September is National Yoga Month. And while that might inspire many of us to run out to the nearest studio and sign up for an hour-long flow, one instructor-and Zeel Yoga Expert!-cautions us to beware.
"Often in yoga classes, we are directed to turn the head in the opposite direction of the knees to "increase the twist,"' writes Melissa Gutierrez,SMARTer Bodies co-founder and yogi extraordinaire. "But it may be more important to track the subtle sensations and know from where we are twisting than be concerned about how far we can go."
"Sometimes turning the head can make us lose track of those sensations," Melissa continues, reminding us that, in yoga, less can sometimes be more. "Yoga provides an opportunity for self-exploration that can be more valuable than shape making. So let us explore what's going on and what contributes to what we feel."
Complements of Melissa, here are a few tips to keep in mind as we work on mastering the proper yoga twist.
Turn tastefully. It is a common misconception that turning your head to its maximum potential is always necessary. That's why Melissa recommends closing your eyes as you twist gently. Doing so enhances sensations in the muscles, meaning that you'll get a much better feel for when to stop and when to twist deeper based on what's right for you.
Don't overcompensate. When in a twisting pose, Melissa describes that we have a natural tendency to twist the head further in order to overcompensate for inflexibilities of the spine. "Compensating in this way may not be great for your cervical spine," she adds. "In your rush to meet your end goal, you may be skipping over movement you didn't realize you had in other places that would assist you in performing your twist."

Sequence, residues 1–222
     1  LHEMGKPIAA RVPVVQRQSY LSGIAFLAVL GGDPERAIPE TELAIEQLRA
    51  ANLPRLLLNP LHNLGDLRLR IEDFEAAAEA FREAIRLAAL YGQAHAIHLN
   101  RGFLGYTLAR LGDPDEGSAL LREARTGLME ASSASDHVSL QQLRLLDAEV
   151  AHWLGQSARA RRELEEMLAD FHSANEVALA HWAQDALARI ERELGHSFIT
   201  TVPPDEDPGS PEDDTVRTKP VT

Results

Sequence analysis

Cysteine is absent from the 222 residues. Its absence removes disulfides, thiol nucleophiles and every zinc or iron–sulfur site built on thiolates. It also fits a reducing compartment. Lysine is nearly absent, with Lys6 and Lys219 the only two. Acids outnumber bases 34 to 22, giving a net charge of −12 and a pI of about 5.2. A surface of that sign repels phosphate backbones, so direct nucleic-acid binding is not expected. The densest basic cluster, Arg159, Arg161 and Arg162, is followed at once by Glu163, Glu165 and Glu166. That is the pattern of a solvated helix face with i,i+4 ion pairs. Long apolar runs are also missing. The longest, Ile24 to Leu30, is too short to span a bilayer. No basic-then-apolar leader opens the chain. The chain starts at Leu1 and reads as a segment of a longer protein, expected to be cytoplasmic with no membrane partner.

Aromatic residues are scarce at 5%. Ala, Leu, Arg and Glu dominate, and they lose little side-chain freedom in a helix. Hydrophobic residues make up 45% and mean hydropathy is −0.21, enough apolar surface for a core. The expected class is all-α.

Close your eyes. With closed eyes, try twisting to one side using the strength of your head. As Melissa explains, "You might be very surprised to see where the rest of your body is in space if you lined up your nose with your sternum and then opened the eyes."
What does this mean for your practice? It's important to understand how flexible we are as individuals rather than overcompensating in order to "complete the full twist" as we imagine it. Twisting with closed eyes enables us to listen to our bodies, whereas when we twist with open eyes, we may simply be over-turning our gaze - and consequently our head - in order to feel as though we are twisting further.
Track your twist. Melissa suggests making an attempt to track the movement of the spin as you twist both visually and mentally. Start at the bottom of the spine. As the twist spirals its way up, be mindful of areas of the spine you may not have been aware of before. Keep the progression slow and steady as you proceed.
"This kind of bodily awareness is invaluable for ensuring you can make well-informed and beneficial movement decisions that allow you to maintain a healthy and injury-free practice," says Melissa of the aforementioned tips. Not only can this kind of conscious movement help to reprogram the body, but in doing so, you can also reprogram the nervous system and brain in an effort to live better, healthier lives.